I went on this trip with tons of people I knew of, but I was not super close with any of them. After multiple hours in airports and on planes I was close with everyone. It was like our own little family. Each night we had dinner together and traveled through the cities together. When we arrived to our cruise ship we had rooms next to each other and spent a lot of time together. We saw amazing places together and had a lot of laughs.
Traveling to Greece was scary and exciting at the same time. If you get a chance to go there, it is a must. The islands are absolutely gorgeous, unlike anything I have ever seen. Over time I learned a lot about my travel pals and had shared so many experiences with them. I would give anything to be back on the plane flying to Greece. I miss having fish bite at my feet at a store, I miss walking along the cruise watching the sunset, I miss seeing all of attractions and learning about the culture, but most of all I miss the time spent with all of my friends.
Your ignorance is not your bliss
Across the country, many people have mixed opinions about the use of nuclear energy. The oppositions have arguments ranging from waste disposal to radiation effects, when most of the claims are fueled by false or inaccurate beliefs. The fact of the matter is, nuclear energy is vital to powering our country. There are certainly some incidents that have happened in the past that have given the nuclear industry a bad name, for instance Chernobyl, Fukushima, and Three Mile Island. The NIRS has an article with their Top 11 Reasons to Oppose Nuclear Power, with six of those reasons containing connections to nuclear waste. Now, while nuclear waste has been a huge topic of discussion since 2011 when the Yucca Mountain nuclear waste repository site was closed due to the end of Federal funding. Finding a new way to handle the waste has become a prominent discussion within the field, but has also been mentioned to be a political problem as well.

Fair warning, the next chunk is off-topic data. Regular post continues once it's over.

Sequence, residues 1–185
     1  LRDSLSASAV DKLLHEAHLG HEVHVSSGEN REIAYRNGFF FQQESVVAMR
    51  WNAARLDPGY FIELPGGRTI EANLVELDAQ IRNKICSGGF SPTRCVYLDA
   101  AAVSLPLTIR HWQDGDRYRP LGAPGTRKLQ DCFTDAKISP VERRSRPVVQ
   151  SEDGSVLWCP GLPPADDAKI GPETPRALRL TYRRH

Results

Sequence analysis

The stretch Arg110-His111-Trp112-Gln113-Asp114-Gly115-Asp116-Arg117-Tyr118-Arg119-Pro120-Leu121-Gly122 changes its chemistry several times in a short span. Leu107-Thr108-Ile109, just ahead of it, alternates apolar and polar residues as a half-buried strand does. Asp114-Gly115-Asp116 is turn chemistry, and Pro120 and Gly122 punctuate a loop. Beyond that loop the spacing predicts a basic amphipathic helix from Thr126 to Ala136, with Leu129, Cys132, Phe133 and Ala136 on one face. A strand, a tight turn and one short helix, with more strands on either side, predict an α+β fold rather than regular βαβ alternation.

Most who oppose nuclear power believe that wind and solar would be the best replacement. Realistically, this is a bold belief and is financially not very ideal. Energy Reality Project posted an article called “Let’s Run the Numbers,” comparing nuclear energy to wind and solar:
“It would cost over $29 Trillion to generate America’s baseload electric power with a 50 / 50 mix of wind and solar farms, on parcels of land totaling the area of Indiana. Or: